Monday, July 26, 2010

Paul Larudee

Some of you will have heard about the ships that were attempting to take supplies to Gaza recently, which were attacked on the high seas by the so-called Israeli Defense Force (IDF), when numbers of Turks were killed by the boarders.

You may also have heard about one of the American protesters, on a different ship, who was an advocate of Passive Resistance. He (Paul Larudee) is 64, has a PhD in linguistics, and for many years taught at St. Mary's College. For many years, he has been a professional piano tuner, and that's how we met him. For many years, we have seen him when he comes to tune our piano, and when we buy another case of the excellent Palestinian olive oil that he and a number of friends (some Jewish) bottle and sell to help raise funds for the Middle East Children's Alliance.

Paul is a founder of the Free Palestine movement, and on one of several previous visits he was shot in the leg by a member of the IDF.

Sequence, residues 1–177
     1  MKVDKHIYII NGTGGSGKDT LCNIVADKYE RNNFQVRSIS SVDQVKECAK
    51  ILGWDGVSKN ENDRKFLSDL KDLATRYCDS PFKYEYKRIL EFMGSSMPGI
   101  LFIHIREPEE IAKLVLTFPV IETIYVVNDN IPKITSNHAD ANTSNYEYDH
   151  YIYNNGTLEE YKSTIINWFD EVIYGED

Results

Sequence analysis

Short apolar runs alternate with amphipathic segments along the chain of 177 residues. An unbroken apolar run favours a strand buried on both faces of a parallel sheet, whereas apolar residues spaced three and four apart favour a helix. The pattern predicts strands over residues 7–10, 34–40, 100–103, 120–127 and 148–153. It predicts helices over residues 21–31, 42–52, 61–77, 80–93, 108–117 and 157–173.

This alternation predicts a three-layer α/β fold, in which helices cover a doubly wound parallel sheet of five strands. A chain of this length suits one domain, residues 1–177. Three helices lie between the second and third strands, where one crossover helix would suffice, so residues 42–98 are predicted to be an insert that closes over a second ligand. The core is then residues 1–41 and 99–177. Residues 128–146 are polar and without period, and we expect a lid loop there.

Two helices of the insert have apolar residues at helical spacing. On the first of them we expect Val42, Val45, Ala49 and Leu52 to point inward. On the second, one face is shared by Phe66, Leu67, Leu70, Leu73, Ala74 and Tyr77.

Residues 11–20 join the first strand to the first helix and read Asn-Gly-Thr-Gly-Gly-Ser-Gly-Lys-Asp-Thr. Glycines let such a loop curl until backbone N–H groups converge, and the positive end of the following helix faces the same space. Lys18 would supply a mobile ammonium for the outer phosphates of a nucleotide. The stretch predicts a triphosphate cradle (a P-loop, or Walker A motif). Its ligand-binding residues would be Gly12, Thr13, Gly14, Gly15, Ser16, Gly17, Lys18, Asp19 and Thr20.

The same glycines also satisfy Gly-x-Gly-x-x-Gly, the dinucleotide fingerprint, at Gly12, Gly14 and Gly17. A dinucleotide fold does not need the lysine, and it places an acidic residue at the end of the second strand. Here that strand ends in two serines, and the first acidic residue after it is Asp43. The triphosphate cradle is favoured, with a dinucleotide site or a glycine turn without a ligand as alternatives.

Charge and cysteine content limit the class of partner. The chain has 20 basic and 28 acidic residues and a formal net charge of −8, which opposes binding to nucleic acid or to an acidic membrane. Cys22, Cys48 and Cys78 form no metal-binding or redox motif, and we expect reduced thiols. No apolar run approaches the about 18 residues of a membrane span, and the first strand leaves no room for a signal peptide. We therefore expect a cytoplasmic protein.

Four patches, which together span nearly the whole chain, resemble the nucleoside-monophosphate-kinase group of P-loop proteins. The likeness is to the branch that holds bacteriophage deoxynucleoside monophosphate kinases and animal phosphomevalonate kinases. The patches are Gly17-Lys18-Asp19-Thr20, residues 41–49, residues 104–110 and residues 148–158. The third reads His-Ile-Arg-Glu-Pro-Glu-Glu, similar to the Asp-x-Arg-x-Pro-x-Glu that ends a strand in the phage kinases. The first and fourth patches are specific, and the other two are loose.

Paul lives nearby, and so an article about his passive resistance and subsequent beatings by the Zionists were published in the local press.

Paul came to our house on Monday, bringing us fresh supplies of olive oil, and to tune our piano. Mondays are when Martha Hernandez and either her mother (Digna) or brother (Joel) come to clean our house. At one point, Paul could not exercise his tuning skills, because of the noise of a vacuum cleaner, but we were able to mitigate the noise so that he could continue.

When he had completed his work, we asked him to join us for lunch, and we were treated to a first-hand of this self-described "troublemaker" and his successful passive resistance. It was thrilling for me to hear him, and to share his pleasure at the fact that the thwarted attempt to take goods to Gaza has, in fact, achieved much of it's ultimate objective, as the harsh conditions imposed on the Palestinians in Gaza have been somewhat ameliorated, in response to the world wide criticism of Israel, and the many deaths of Turkish crew members.

When we are invited to dinner at the house of friends, we now often take a bottle of olive oil, in place of the more conventional bottle of wine.

I greatly admire Paul, for his courage and good humor. He is remarkably fit for a diabetic in his mid-60s, and I am glad to report that he is almost entirely recovered from the savage treatment he received from his Zionist captors.

2 comments: